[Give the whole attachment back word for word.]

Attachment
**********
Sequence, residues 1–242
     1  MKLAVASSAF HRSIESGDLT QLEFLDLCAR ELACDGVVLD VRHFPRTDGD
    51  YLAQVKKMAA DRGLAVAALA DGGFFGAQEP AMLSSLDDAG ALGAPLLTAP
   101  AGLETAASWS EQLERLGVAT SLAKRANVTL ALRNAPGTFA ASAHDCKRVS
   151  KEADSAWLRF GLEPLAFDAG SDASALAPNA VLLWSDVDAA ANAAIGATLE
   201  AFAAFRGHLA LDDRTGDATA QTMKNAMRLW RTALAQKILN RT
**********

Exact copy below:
Sequence, residues 1–242
     1  MKLAVASSAF HRSIESGDLT QLEFLDLCAR ELACDGVVLD VRHFPRTDGD
    51  YLAQVKKMAA DRGLAVAALA DGGFFGAQEP AMLSSLDDAG ALGAPLLTAP
   101  AGLETAASWS EQLERLGVAT SLAKRANVTL ALRNAPGTFA ASAHDCKRVS
   151  KEADSAWLRF GLEPLAFDAG SDASALAPNA VLLWSDVDAA ANAAIGATLE
   201  AFAAFRGHLA LDDRTGDATA QTMKNAMRLW RTALAQKILN RT